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  • Kate Halfpenny

My Corona! Ooh you make my memories run

It’s true you never forget your first love. A lot of us also never forget our first car.

As pandemic prices for secondhand cars hit “lunacy” levels – apparently everyone wants wheels to avoid public transport and hit the Aussie road – I’ve been wondering where my 1967 shovel-nosed Toyota Corona is.


Is it in a shed, sleeping and safe? Has it been restored and chugs around with club permit plates and a tartan rug slung on the back seat? Or is it in bits in a wrecker’s yard? ‘The Ronie’ was bought for $800 in 1985 from my year 12 Australian history teacher, Mrs Whiffin. It had beige duco, red bucket seats, wind-down windows, twin carbies that defied tuning. You could see the ground through a gap in the gear stick.


The heater was so effective a faint scorched vinyl smell lingered. There was no air conditioner – if it was hot, I drove in my bra. The AM radio had a dodgy antenna so I made a heart shaped one from a coat hanger. In autumn, I piled leaves into the back so they swirled when we fanged around corners.


Despite – or because of – the carbies, she was a touch underpowered. One Friday afternoon I drove my brother’s school tennis team to a fixture. Going up Toorak Rd, they had to pile out and leg it alongside until we crested a hill.

My best friend, Pies, bought a matching Corona, a pale-green automatic with a bench seat. For visual effect we would drive in convoy, wearing op-shop handknits and playing INXS’s The Swing on our Walkmans.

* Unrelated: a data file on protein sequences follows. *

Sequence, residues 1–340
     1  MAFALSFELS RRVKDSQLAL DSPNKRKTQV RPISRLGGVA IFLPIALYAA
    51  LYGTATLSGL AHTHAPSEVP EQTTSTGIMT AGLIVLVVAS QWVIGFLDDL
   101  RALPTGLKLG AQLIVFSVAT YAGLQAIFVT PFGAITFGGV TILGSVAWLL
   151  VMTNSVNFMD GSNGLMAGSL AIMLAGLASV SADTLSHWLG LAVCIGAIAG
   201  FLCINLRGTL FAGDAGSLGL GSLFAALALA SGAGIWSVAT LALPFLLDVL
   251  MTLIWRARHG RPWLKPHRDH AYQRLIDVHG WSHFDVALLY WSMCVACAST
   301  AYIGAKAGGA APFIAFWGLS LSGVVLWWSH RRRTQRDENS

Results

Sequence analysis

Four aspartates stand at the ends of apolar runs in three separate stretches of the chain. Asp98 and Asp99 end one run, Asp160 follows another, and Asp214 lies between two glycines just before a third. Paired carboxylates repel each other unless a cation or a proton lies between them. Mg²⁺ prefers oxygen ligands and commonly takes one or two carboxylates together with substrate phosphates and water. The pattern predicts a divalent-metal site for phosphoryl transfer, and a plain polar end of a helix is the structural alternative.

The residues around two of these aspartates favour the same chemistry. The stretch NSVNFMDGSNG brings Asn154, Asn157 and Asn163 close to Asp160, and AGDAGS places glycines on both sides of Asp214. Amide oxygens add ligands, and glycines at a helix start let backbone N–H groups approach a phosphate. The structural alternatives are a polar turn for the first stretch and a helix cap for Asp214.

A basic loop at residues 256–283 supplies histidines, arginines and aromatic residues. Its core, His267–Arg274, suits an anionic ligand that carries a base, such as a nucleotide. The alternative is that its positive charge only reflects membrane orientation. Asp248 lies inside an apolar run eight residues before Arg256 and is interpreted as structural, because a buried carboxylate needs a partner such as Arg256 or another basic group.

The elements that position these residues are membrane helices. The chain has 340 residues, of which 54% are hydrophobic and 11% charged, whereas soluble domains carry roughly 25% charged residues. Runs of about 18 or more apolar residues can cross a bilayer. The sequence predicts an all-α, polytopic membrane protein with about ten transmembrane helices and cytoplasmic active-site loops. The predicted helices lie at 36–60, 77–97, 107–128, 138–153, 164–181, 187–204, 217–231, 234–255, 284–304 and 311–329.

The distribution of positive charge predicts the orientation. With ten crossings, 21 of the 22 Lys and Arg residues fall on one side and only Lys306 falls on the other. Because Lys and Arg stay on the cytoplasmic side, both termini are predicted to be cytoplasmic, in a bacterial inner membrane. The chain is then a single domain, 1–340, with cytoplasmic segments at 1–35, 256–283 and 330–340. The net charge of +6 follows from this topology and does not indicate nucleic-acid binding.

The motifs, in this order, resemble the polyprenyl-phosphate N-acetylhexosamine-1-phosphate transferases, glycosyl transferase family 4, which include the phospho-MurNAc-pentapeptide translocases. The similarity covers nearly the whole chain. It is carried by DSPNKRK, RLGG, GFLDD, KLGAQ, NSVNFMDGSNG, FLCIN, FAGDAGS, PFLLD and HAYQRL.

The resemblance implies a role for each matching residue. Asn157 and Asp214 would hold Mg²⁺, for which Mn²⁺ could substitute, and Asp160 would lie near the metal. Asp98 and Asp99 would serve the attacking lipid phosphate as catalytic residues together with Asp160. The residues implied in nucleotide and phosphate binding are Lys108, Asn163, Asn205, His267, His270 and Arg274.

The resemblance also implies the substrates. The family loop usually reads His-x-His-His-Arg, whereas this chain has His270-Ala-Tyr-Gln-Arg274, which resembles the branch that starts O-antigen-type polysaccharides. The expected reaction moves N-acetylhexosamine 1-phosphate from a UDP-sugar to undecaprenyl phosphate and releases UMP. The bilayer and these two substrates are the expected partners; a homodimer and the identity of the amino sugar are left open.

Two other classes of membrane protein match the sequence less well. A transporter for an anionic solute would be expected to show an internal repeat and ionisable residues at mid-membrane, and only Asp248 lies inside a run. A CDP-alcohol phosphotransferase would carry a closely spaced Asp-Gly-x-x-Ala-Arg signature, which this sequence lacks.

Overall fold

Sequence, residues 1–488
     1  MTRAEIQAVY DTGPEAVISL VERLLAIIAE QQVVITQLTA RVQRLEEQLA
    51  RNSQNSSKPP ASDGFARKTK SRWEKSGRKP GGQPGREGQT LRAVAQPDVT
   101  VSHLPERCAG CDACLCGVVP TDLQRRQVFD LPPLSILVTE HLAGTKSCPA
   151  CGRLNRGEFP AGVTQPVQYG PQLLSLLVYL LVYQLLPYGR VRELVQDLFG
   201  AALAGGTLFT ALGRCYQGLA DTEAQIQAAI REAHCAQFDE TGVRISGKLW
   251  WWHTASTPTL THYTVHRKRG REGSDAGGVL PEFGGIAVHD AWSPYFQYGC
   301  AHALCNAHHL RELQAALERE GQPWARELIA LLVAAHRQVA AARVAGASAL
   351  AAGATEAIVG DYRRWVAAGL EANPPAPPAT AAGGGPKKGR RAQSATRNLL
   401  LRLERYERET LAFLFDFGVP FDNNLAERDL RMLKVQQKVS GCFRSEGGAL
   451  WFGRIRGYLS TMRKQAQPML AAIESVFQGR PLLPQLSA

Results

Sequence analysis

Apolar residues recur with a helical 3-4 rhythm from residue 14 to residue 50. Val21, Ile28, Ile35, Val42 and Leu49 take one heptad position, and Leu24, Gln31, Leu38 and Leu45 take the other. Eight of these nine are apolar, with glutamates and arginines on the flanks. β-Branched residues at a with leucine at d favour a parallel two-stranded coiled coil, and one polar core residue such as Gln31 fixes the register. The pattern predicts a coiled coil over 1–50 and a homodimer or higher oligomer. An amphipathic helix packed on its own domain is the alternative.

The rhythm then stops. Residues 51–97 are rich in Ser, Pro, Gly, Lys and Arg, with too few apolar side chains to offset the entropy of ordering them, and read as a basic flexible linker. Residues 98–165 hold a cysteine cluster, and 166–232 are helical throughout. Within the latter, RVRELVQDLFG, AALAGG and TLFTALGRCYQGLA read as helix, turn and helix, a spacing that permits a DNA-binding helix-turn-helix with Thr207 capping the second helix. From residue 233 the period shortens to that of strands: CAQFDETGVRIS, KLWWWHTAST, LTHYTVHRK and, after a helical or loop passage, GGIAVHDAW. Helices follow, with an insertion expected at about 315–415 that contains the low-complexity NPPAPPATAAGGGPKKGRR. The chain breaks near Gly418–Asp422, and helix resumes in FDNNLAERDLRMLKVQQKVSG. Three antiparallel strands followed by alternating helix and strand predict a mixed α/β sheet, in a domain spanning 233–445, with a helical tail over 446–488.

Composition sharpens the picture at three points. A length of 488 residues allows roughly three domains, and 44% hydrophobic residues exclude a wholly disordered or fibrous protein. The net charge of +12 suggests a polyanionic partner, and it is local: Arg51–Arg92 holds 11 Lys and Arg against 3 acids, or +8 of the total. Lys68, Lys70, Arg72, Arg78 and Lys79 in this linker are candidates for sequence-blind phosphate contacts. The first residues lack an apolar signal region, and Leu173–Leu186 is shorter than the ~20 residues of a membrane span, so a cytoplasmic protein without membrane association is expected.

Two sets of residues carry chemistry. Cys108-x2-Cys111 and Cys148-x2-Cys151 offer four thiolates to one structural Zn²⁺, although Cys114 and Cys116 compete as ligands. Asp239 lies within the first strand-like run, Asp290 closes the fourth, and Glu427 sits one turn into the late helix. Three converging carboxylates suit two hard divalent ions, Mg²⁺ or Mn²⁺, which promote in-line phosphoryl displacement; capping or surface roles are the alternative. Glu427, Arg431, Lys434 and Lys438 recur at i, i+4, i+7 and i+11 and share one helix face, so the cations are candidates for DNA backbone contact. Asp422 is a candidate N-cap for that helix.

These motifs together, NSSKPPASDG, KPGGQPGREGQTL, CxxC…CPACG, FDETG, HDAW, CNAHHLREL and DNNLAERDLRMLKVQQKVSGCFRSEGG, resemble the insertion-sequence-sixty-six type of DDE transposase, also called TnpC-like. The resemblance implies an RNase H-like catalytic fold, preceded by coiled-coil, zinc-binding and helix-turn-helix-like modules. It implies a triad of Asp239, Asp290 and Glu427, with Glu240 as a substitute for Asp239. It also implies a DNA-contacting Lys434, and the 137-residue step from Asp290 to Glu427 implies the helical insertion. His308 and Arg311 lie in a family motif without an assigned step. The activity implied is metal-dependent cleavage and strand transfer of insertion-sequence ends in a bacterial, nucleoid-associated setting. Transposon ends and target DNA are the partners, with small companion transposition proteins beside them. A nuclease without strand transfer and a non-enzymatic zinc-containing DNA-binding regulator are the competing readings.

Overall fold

In 1986 I kidnapped a senior colleague in The Ronie. Under the influence of a carafe of Tiamo’s house white, I accused him of stealing my handbag while he was being run home. I was deaf to his protests of innocence and drove us both around Carlton until we ran out of petrol.


The bag was under the front seat. He waved away the incident. It wasn’t an era when kids routinely scored a safe new car for their 18ths so everyone had a used Asian model, sometimes with working seatbelts. My mate Walshy’s Torana is now probably worth more than a Benz. Same with Fincko’s lagoon-blue Datsun 120Y, which was hard to climb out of but had a tape deck. The priceless feature of a friend’s Daihatsu Charade was it was so light that if she had trouble parking, passengers lifted the whole car into the spot. The Ronie was sold when I went overseas and other cars followed (the Nissan ute I drove with no power steering at eight-months’ pregnant, the sensible Magna wagon and two Kia Carnivals) but nothing with the emotional gravitas of the first one. Until the HiAce minibus. It was ace for a family of five with surfboards, a dog, friends, guitars, drums, lacrosse sticks. We called it ‘The Bosom of Abraham’ and drove it to South Australia, around Tassie, to school formals. The family mover.It saw plenty of shouted renditions of Tiny Dancer and Drops of Jupiter, many a game of Uno and Super Trumps and Maccas drive-throughs. Once, groaning with two families, it rolled into Gundagai on a prayer, the petrol line way below red. After one sandy summer, The Bosom was booked in for a full detail. The duo who did the work recognised its old-school charms and strong heart. They put in an offer. It was sold on the spot. There were tears at dinner. Last year, the unicorn. A shovel-nosed Corona in Smith St, Collingwood. A photo was texted to my middle son. “The stuff of family legend,” he typed back. “Steal it.” Instead, I bought a gleaming beast, a Skoda Octavia VRS wagon, mostly because it reminds me all year round of the Tour de France. It can burn off everyone on the grid. It has seat warmers. I love it. But it’s no ’67 Corona. Originally published on Sydney Morning Herald

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